Science Fiction Though the Decades

Thursday, March 15, 2012

1959: Level 7 (Roshwald, Mordecai)

Hermetic solitude 4400 feet deep is true freedom (5/5)
From May 28, 2009

Splashed across the cover of Level 7 reads, "A horrifying, prophetic document of the future - the diary of a man living 4000 feet underground in a society hell-bent on atomic self-destruction" which does the book no justice at all. Perhaps the rear cover puts the novel into a better light as it reads, "He is safe from nuclear war... safe from sunshine, blue skies, and love. His perpetual assignment is the Bomb - to stand guard ready to push the button that will turn the world into a charred ember of smoking death..." Now, while the back cover sums up the story better, it still doesn't do the book much justice.

It's not exactly poetically sculpted nor is it poorly written, rather, it's a day-to-day journal of a not-so-common man in his not-so-common job and his contemplations on earth's situation, his reflections on his subterranean society and his experiences being a push-button operator. Officer X-127, as he's know to his colleagues, friends and eventual wife paints a detailed picture of what Level 7 is, how it operates and what purpose it ultimately serves. Being 4400 feet underground in a hermetically sealed bunker and being twelve buttons away from the end of the world might make you a bit philosophical, psychotic or just plain numb. We witness the scope of these mental reflections in both X-127 himself and in the others around him.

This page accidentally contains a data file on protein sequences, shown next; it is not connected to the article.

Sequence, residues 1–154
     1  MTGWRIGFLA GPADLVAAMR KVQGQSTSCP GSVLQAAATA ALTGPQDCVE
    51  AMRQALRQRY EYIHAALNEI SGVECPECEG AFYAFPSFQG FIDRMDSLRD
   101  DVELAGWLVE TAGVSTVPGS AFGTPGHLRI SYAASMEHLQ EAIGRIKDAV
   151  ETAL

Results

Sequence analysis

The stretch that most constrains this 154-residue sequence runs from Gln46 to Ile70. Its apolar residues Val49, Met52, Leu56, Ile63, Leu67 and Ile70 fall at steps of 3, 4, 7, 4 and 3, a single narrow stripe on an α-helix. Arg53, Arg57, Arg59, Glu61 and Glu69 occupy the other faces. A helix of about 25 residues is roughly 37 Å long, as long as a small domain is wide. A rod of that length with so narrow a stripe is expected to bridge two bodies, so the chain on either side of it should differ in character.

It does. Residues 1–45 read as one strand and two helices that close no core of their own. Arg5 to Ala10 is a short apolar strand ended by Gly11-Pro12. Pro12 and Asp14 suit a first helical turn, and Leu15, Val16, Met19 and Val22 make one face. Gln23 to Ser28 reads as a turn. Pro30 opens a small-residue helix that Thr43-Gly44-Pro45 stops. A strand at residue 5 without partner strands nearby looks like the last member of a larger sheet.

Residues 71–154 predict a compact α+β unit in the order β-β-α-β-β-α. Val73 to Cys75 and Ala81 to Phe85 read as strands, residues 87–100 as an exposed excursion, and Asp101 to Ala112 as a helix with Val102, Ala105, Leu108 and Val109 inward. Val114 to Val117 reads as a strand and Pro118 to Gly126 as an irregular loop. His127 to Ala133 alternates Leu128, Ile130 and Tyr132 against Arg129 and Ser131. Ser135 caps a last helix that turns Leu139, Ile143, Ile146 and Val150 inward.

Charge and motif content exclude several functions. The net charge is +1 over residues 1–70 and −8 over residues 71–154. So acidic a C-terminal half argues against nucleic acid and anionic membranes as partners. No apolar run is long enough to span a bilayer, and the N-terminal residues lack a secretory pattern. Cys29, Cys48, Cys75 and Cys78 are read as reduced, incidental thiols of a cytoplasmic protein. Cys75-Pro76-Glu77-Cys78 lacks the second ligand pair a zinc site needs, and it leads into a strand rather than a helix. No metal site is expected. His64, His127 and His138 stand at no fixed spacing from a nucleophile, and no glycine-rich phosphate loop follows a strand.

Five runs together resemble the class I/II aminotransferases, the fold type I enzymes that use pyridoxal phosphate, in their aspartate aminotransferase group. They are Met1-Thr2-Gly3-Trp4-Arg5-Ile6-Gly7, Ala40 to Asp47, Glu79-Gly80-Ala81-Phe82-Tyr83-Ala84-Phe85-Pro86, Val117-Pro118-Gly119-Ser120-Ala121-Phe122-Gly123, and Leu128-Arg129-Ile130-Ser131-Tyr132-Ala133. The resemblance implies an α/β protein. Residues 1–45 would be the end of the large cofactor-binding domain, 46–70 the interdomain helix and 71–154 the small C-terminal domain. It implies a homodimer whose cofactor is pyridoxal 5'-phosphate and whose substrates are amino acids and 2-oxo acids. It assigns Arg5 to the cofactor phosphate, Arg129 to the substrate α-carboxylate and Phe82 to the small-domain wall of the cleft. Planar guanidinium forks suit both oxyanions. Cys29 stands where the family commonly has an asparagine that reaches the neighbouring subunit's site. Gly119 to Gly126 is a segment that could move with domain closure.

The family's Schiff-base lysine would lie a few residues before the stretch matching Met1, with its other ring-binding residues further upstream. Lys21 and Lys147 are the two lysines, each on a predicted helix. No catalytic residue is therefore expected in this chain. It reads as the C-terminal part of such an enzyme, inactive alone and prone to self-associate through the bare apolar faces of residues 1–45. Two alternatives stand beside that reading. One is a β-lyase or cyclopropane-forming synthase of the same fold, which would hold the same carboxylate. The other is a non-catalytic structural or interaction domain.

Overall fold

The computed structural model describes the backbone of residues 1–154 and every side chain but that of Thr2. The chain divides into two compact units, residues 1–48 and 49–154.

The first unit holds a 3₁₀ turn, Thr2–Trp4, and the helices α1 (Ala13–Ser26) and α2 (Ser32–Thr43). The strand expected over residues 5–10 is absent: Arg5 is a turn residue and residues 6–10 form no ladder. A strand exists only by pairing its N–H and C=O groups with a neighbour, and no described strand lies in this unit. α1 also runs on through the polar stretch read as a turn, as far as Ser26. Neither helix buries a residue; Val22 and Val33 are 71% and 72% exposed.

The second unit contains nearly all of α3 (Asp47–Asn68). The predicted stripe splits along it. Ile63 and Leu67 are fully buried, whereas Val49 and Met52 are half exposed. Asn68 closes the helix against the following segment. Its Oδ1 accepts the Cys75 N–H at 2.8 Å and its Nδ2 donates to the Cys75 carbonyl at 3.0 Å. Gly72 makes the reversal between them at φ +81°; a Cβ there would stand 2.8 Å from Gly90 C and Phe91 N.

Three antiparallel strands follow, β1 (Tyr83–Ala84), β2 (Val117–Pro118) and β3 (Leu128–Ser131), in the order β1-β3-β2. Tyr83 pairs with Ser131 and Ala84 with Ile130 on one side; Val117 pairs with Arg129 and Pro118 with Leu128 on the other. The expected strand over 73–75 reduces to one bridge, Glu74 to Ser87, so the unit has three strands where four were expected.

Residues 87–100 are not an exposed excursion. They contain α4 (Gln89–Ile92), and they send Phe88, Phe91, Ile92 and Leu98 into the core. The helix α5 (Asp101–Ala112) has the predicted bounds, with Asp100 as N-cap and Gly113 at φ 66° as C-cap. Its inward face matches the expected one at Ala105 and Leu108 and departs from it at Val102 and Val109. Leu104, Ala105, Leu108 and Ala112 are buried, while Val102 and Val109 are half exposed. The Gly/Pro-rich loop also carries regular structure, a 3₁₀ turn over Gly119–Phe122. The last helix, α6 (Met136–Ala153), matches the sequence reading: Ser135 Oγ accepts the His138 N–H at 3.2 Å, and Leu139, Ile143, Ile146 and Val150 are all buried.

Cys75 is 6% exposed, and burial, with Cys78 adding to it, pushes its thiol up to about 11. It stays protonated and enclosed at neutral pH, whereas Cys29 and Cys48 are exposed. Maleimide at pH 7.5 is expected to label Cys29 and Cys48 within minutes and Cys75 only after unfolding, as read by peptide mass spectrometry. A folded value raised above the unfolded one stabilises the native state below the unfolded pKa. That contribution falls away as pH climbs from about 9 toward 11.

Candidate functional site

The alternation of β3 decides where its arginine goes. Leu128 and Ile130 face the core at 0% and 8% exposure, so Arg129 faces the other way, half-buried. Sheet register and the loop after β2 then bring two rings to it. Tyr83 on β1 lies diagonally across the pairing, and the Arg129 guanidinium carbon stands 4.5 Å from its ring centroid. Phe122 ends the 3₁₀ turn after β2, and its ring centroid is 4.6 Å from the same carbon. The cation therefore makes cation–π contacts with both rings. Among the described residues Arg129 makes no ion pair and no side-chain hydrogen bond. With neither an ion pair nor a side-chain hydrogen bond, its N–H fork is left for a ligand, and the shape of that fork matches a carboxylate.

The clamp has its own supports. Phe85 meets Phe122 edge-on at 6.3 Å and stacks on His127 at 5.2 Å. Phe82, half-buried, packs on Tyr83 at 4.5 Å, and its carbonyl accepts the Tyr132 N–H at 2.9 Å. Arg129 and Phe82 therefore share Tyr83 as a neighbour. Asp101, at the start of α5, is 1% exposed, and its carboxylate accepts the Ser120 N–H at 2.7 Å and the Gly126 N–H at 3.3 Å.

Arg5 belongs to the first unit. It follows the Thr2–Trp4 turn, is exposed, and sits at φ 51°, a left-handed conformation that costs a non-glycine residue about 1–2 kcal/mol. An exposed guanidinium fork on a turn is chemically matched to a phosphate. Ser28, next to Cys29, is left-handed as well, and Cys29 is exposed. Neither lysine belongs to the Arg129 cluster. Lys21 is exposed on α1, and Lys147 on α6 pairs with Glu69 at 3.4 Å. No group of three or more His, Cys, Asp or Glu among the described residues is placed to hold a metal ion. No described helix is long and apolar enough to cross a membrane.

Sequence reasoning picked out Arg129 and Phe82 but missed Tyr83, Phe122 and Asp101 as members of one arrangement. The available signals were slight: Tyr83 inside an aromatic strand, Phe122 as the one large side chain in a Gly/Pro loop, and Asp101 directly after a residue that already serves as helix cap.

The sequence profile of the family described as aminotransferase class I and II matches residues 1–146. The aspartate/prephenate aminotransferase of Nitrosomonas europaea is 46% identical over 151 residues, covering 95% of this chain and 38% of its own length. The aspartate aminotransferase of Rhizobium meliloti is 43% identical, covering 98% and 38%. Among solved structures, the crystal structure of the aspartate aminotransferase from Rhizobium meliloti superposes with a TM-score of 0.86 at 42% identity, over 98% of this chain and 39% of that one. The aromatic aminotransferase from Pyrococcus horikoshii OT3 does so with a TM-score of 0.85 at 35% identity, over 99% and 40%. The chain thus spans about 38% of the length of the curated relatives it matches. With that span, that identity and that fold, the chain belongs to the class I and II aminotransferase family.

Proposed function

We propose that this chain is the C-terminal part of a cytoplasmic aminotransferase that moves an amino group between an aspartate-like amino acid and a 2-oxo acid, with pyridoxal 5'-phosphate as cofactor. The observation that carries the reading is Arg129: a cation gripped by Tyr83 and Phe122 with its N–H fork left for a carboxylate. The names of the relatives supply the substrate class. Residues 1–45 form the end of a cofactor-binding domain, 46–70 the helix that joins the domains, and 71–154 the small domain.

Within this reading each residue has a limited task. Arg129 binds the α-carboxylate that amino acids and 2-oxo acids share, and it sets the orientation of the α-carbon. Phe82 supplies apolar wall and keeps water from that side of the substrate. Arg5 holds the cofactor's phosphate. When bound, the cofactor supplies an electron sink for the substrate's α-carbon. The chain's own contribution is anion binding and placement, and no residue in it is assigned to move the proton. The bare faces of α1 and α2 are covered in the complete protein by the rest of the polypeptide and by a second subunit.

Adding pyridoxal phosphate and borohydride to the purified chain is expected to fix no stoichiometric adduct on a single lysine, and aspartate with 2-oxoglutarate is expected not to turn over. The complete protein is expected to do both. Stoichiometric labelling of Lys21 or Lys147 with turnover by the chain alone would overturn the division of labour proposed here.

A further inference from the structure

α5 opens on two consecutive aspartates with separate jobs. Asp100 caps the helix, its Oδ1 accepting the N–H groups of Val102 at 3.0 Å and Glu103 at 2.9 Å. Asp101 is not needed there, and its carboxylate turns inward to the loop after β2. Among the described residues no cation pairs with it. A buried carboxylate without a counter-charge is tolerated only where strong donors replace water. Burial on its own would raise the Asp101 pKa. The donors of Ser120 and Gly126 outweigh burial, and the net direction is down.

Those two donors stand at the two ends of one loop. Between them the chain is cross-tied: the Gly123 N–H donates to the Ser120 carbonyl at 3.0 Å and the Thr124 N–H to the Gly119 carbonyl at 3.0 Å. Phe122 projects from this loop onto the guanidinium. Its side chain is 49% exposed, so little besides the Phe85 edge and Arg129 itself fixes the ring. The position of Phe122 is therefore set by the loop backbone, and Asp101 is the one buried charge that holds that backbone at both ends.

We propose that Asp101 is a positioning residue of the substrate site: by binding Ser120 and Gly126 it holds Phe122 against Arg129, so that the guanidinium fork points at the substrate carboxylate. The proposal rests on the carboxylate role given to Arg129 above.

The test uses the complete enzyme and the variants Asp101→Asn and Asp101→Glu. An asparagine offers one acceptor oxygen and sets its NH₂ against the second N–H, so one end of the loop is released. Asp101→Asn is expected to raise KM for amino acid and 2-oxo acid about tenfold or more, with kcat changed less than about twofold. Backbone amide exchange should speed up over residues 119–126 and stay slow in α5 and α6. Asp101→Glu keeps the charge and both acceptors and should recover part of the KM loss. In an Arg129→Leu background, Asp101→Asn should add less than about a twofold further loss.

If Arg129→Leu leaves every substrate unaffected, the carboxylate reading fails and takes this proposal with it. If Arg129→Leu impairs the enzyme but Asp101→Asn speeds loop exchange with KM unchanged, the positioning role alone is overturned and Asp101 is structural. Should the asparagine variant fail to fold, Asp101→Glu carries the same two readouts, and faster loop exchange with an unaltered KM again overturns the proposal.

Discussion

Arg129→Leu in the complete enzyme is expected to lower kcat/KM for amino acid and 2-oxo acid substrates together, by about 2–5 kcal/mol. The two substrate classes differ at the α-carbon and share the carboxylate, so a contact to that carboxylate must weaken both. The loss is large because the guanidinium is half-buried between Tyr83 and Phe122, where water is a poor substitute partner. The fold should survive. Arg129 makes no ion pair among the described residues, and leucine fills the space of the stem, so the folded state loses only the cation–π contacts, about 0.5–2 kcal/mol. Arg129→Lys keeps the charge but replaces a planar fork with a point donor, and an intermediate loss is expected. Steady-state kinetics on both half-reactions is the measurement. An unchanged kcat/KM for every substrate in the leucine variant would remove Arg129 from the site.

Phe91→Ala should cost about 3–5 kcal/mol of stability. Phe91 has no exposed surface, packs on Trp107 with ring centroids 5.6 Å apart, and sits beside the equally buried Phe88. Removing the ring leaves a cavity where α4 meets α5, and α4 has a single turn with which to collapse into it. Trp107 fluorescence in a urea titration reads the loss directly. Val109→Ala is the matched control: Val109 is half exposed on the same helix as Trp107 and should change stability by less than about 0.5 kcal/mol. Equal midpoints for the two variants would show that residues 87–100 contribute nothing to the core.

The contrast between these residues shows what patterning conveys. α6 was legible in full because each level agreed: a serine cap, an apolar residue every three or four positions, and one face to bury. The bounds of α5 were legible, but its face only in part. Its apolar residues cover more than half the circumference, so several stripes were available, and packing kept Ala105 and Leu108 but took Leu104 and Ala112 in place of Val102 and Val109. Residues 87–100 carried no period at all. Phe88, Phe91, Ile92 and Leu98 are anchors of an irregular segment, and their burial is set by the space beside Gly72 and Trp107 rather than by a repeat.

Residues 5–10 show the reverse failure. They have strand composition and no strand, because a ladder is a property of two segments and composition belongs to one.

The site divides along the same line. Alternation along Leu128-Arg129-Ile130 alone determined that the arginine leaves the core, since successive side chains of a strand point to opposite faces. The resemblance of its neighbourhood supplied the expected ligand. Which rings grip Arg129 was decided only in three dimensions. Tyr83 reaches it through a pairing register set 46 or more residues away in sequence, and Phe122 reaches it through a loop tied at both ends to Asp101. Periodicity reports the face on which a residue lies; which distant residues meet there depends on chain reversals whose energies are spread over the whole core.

It's a depressing read, that's true. It'll make you sympathize with all five-hundred of the Level 7 cave-dwellers, the other million or so making up the remaining six levels and even the poor populous stranded on the surface. Level 6 at 3,000 feet deep houses 2,000 military defense personnel and is just as self-sufficient at Level 7, but more prone to contamination, old age and insanity. Level 5 at 1,500 feet deep will house 20,000 elite members of society for about 200 years. Level 4 at 1,000 feet deep will hold 100,000 important people for 100 years. Level 3 is 500 feet deep and will hold 200,000 important individuals for only 25 years. The last two Levels are 100 feet and 60 feet deep and are both designed to hold one million people each but are much more susceptible to all things dangerous in a limited or total nuclear war.

There's so much detail, it's almost juicy if it weren't dryly written. For the sheer sake of exploring Roshwald's leveled world, this is a sci-fi gem.


  1. I read this book during the cold war and it contributed to my nightmares about nuclear war. If I ever manage to write a story that does not have a happy ending, I'll hope to create in readers an emotion similar to what I experienced upon reaching the end of Level 7.

    1. That's quite a long time for a piece of literature to leave an indelible impression on a reader! It's only been three years for me, an 80s child who had fascination on nuclear stockpiles and underground bunkers. I was thrilled to learn of this book and thrilled/shocked/shaken to the bone with the reality in Level 7. Scary and unforgettable!